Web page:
REINFORCEMENT CONCRETE chapter 1
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    REINFORCEMENT CONCRETE chapter 1 REINFORCEMENT CONCRETE chapter 1 Presentation Transcript

    • INTRODUCTION TO DESIGN
    • SO WHAT IS A REINFORCED CONCRETE?
    • WHAT IS REINFORCED CONCRETE? • Principal materials used in many civil engineering applications (buildings, retaining walls, foundations, water retaining structures, highways, bridges etc • A composite material: reinforcing bars embedded in concrete • Concrete: high compressive strength, low tensile strength
    • WHAT IS REINFORCED CONCRETE? • Steel: high tensile strength, low compressive strength • Concrete + Steel: • Economical structural material, strong in compression & tension • Concrete provides corrosion protection and fire resistance
    • STRUCTURAL DESIGN? • Process of determining , selection of and determination of for the structure to be built • Aim: ensure that the structure will perform satisfactorily during its design life
    • STRUCTURAL DESIGN PURPOSES? • • • • Fitness for purpose Safety and reliability Economy Maintability
    • Fitness for purpose • Arrangement of spaces, spans, ceiling height, access and traffic flow must complement the intended use. • The structure should fit its environment and be aesthetically pleasing
    • Safety and reliability • Structure must be strong to safely support all anticipated loadings • Structure must not deflect, overturn, tilt, vibrate or crack in a manner that impairs its usefulness
    • Economy • Overall cost of structure should not exceed the client’s budget • Designer should take into account: cost of materials, buildability, construction time, cost of temporary structures and maintenance costs
    • Maintainability • Structure should be designed to require a minimum maintenance, can be maintained in a simple fashion
    • Structural Elements • Beams: horizontal members carrying lateral loads • Slabs: horizontal plate elements carrying lateral loads • Columns: vertical members carrying primarily axial loads but generally subjected to axial load and moment • Walls: vertical plate elements resisting vertical, lateral or in-plane loads • Foundations: pads or strips supported directly on the ground that spread loads from columns or walls to the ground • Stairs: plate elements consists of a flight of steps, usually with one or more landings provided between the floor levels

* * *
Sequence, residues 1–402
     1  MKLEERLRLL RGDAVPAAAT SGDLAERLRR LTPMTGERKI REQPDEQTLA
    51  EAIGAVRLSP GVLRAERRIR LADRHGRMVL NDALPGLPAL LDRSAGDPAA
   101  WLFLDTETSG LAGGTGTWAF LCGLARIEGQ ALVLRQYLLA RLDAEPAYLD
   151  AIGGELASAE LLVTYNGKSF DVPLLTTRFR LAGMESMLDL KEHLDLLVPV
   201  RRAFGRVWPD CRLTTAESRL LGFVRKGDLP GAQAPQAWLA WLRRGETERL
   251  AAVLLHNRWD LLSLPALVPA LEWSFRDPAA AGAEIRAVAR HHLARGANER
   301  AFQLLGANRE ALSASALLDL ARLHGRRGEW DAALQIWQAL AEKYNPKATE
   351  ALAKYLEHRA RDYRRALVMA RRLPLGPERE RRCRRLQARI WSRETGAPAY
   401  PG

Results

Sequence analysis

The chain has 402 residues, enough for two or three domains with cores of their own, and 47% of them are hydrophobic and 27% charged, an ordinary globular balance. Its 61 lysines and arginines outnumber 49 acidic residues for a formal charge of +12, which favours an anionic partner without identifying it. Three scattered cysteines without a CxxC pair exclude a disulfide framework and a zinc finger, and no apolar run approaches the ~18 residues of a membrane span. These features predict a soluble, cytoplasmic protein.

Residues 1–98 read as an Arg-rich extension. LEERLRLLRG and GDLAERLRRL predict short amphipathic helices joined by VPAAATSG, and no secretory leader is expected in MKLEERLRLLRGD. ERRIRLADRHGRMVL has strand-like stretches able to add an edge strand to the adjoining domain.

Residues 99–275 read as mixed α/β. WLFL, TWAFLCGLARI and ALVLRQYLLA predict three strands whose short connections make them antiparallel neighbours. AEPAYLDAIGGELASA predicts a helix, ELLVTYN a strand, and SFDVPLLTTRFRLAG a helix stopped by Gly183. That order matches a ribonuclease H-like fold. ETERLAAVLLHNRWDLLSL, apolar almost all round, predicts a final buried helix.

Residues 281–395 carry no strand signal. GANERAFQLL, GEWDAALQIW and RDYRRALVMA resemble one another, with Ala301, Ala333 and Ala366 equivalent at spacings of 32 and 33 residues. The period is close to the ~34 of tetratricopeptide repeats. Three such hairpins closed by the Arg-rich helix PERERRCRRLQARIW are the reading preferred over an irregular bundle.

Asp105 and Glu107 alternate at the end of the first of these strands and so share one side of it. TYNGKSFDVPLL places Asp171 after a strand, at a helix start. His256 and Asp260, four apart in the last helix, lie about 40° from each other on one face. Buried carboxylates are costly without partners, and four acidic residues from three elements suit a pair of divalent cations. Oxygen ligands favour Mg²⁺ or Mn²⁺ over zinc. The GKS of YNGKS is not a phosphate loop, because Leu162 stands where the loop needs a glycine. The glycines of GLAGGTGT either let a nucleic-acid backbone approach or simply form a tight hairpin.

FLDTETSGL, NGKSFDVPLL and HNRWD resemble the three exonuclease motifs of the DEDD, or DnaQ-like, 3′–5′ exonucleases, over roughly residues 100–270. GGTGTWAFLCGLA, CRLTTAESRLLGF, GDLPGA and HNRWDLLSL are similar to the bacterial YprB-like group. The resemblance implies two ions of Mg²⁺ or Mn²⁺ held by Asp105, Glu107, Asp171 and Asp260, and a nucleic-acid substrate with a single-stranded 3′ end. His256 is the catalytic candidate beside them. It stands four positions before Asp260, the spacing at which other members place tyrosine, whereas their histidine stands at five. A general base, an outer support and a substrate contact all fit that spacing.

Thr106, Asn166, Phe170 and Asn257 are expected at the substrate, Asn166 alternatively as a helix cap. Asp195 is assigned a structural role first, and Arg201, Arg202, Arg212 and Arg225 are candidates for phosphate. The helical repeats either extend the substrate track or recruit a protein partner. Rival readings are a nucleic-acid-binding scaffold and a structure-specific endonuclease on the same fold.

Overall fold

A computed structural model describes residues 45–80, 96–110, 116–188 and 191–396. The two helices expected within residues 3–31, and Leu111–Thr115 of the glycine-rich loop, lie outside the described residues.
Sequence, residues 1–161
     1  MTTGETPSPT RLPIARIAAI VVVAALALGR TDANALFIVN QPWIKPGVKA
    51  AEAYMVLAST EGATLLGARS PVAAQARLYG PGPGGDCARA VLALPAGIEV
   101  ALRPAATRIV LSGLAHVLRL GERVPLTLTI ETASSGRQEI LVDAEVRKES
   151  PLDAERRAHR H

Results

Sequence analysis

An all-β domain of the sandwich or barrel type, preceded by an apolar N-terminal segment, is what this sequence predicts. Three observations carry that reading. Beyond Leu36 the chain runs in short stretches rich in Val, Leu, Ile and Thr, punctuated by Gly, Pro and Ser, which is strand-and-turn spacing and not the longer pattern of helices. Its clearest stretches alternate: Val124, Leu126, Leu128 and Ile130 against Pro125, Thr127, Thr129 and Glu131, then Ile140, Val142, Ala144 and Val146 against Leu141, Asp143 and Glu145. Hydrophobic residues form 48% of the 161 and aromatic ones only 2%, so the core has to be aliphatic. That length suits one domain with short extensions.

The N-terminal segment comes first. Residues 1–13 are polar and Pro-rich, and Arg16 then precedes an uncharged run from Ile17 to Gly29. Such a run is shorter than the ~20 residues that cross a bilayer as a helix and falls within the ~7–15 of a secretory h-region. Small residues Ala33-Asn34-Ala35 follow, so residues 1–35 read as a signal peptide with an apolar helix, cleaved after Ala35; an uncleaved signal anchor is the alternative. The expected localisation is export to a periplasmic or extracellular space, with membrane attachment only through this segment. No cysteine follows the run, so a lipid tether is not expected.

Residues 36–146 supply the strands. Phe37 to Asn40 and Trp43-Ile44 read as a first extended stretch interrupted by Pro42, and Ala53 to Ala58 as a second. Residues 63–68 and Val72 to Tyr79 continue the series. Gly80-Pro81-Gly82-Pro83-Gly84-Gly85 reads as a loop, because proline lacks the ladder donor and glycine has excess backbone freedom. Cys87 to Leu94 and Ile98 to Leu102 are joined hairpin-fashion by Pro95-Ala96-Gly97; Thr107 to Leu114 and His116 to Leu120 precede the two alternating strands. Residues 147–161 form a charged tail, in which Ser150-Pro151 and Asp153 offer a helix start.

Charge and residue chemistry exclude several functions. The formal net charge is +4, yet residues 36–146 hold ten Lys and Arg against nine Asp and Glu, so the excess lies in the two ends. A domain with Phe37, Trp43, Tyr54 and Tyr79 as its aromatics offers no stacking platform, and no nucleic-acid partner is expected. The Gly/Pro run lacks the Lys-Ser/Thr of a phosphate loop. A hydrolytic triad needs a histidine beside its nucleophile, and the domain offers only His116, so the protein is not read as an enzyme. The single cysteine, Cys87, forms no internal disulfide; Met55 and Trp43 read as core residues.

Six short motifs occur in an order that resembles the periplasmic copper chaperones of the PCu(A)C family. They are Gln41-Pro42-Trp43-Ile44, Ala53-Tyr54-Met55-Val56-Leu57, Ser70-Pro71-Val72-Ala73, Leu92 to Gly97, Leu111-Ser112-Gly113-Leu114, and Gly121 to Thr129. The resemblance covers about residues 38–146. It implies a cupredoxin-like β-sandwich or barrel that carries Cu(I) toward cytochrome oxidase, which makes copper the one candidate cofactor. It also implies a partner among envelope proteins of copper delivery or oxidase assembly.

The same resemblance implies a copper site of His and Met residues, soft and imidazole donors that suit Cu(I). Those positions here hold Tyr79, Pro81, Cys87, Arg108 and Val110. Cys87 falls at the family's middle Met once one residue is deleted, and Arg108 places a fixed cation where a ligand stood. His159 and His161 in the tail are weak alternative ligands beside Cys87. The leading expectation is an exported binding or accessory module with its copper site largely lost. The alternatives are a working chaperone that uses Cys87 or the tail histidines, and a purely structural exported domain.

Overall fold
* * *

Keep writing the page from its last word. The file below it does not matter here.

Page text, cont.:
• Structural Elements
    • Structural Elements
    • Code of Practice • document that gives recommendations for the design and construction of structures • Contains detailed requirements regarding loads, stresses, strengths, design formulas and methods of achieving the required performance of complete structure
    • Code of Practice functions • Ensure adequate structural safety • Simplify the task of designer • Codes ensure a measure of consistency among different designers • Have legal validity, in that they protect the structural designers from any liability due to structural failures that are caused by inadequate supervision, faulty material and construction
    • Eurocode • EN 1990: Eurocode – Basis of structural design • EN 1991: Eurocode 1 – actions on structures • EN1992: Eurocode 2 – Design of concrete structures
    • Creep • General definition: the or of a solid material to • occurs as a result of long-term exposure to high levels of stress that are below the yield strength of the material • more severe in materials that are subjected to heat for long periods, and near their melting point. Creep always increases with temperature • The rate of this deformation is a function of the , , and the
    • Example: creep in cardboard • a largely empty box was placed on a smaller box • fuller boxes were placed on top of it • Due to the weight, the portions of the empty box not sitting on the lower box gradually crept downward
    • Concrete Creep • Definition: Continuous deformation of a member under sustained load • Characteristics: • The final deformation of member can be 3 – 4 times the short term elastic deformation • Deformation is roughly proportional to the intensity of loading and to the inverse of concrete strength • If load is removed, only instantaneous elastic deformation will recover – the plastic deformation will not • There is a redistribution of load between concrete and steel present
    • Concrete Durability • Influenced by: i. ii. iii. iv. v. Exposure conditions The cement type The concrete quality The cover to the reinforcements The width of any cracks